In this study, we investigated a group of 226 LT recipients regarding their immune response and factors that might impact their immunogenicity after the vaccines. Moreover, we analyzed the factors related to the low acceptance of the SARS-CoV-2 vaccines by the study patients. Among the 192 vaccinated patients without past natural infection, 69% had a positive immune response, which is substantially more than the 48% reported by Rabinowich et al,5 and 63% described by Ruether et al.4 In contrast, greater humoral response was reported by Guarino et al6 (75%), Rashidi-Alavijeh et al7 (79%), and Strauss et al12 (81%). The differences between studies might be explained by different study cohorts (age and time from the LT), various immunosuppressive treatment regimens, and comorbidities.13 In line with other studies,4-6 older age was a common denominator for a nonresponse, which we confirmed in our cohort. In contrast, pediatric solid organ transplant recipients may be able to build more robust immune response following SARS-CoV-2 vaccination.14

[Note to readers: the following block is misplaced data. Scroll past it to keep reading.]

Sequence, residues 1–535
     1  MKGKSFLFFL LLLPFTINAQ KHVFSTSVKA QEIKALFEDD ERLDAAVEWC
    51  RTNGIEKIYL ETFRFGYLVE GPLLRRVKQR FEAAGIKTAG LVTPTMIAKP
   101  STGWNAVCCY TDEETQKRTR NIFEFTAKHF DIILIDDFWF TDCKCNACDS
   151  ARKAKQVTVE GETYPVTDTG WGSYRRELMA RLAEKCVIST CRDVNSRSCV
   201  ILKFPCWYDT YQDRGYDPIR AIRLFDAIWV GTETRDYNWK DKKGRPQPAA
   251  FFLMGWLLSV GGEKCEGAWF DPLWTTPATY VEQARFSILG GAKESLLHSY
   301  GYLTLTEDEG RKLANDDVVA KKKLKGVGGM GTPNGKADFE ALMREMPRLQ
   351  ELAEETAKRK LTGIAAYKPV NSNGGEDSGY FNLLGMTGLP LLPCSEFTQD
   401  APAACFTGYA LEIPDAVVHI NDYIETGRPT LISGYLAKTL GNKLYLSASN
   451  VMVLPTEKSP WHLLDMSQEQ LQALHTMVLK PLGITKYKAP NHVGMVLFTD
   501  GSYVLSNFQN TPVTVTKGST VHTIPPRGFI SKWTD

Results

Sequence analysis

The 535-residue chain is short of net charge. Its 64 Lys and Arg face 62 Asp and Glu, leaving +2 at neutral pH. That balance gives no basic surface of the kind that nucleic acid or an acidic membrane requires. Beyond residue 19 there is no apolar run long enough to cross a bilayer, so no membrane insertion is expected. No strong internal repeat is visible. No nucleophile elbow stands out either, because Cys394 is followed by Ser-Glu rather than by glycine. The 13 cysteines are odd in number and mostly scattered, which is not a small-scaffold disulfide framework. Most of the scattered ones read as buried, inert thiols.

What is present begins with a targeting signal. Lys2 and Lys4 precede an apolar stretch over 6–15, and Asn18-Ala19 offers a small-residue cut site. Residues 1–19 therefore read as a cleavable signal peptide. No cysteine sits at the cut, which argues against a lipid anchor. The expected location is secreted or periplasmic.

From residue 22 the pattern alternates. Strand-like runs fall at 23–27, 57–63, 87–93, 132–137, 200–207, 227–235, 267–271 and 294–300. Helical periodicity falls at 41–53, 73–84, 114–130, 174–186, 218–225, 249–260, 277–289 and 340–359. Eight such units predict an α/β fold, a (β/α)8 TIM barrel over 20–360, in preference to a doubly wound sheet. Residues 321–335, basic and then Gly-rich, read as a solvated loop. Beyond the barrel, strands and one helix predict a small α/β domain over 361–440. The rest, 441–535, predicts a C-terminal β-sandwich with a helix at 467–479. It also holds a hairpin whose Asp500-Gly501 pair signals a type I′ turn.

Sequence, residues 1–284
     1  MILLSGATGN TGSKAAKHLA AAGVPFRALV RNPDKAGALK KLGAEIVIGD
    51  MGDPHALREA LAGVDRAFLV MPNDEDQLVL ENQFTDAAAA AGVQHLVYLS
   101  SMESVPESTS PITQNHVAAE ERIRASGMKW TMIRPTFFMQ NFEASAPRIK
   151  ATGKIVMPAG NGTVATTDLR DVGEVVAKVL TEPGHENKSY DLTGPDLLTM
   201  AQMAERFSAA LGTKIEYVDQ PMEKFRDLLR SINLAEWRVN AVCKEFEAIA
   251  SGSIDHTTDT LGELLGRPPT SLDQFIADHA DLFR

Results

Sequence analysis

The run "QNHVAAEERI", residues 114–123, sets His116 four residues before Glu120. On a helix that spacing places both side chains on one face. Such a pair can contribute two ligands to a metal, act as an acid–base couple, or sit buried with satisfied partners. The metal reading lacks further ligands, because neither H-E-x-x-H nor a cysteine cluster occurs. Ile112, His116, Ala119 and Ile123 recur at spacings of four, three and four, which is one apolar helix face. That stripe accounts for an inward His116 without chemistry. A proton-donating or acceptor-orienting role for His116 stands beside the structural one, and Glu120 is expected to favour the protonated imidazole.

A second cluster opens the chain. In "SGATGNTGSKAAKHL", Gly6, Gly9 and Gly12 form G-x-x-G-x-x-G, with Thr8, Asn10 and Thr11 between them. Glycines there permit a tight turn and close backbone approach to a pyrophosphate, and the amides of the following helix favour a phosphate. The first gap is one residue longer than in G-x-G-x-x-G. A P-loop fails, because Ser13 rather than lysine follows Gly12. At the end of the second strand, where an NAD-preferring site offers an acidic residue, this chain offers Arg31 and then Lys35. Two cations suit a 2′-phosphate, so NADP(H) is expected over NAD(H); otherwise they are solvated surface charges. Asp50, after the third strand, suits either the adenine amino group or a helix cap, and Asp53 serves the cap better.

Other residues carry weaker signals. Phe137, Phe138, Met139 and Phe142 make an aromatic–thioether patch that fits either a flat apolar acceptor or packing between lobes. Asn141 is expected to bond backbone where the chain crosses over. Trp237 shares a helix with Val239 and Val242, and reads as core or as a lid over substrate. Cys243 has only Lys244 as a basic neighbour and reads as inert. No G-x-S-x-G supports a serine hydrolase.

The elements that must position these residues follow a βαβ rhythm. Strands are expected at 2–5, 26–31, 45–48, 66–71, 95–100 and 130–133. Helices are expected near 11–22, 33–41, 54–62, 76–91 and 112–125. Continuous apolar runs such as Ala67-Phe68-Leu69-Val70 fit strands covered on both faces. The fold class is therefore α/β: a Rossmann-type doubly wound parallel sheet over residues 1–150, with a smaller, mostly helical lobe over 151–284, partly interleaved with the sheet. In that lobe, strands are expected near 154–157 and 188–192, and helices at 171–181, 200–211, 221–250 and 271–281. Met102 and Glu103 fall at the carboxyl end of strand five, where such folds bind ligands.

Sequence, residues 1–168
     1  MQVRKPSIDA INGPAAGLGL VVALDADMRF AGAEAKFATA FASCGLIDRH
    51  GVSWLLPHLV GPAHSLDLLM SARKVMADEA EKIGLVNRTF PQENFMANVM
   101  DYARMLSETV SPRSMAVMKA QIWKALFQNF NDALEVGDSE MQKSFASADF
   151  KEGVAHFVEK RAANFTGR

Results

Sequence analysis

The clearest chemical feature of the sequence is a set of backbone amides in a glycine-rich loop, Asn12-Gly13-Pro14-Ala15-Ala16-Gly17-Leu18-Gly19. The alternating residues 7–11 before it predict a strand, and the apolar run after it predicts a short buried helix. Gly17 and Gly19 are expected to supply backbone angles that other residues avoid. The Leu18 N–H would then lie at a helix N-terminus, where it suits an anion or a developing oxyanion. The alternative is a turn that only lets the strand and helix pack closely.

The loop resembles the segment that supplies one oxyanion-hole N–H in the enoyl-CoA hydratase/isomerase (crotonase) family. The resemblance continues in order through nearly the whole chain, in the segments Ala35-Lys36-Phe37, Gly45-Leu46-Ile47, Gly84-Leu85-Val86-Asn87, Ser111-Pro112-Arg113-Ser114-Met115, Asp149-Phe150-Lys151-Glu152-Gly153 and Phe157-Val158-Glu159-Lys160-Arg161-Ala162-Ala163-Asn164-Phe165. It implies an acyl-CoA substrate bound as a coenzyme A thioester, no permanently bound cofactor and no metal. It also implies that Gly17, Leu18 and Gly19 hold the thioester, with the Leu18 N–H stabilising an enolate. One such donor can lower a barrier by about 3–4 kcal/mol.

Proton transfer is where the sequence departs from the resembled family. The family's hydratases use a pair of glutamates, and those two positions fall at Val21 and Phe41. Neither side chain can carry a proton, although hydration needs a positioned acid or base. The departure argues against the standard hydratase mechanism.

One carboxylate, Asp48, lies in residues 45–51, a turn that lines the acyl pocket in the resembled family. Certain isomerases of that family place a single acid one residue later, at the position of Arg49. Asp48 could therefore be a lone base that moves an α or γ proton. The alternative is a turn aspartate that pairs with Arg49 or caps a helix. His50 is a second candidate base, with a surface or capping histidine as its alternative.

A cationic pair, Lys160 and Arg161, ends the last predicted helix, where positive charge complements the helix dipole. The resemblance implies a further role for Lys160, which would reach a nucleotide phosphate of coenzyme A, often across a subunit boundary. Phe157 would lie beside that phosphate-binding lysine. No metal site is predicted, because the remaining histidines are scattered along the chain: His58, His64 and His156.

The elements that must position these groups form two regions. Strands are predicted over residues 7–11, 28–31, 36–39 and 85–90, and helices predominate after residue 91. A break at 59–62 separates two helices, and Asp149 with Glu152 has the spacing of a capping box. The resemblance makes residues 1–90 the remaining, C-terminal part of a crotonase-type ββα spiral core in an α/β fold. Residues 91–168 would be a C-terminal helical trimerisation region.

Impaired kidney function negatively impacted the humoral response in our study (Figure 2), which is in line with the published report.5 The prevalence of impaired kidney function in LT recipients was lower in our study (30%) than in the Israeli5 (43%) and German4 (45%) cohorts. The impact of impaired kidney function on the immune response might be caused by an accumulation of uremic toxins in these settings.15 Moreover, the patients with kidney disease had insufficient erythropoietin and vitamin D levels, which might have affected immunomodulation16 and negatively impacted their immune response. We found a link between lower hemoglobin level and decreased immune response to the vaccines. The hemoglobin concentration is reduced in most chronic conditions, and anemia is a hallmark of chronic kidney disease. These findings might be explained by the role of erythropoietin in immunomodulation and its effect on lymphocytes.16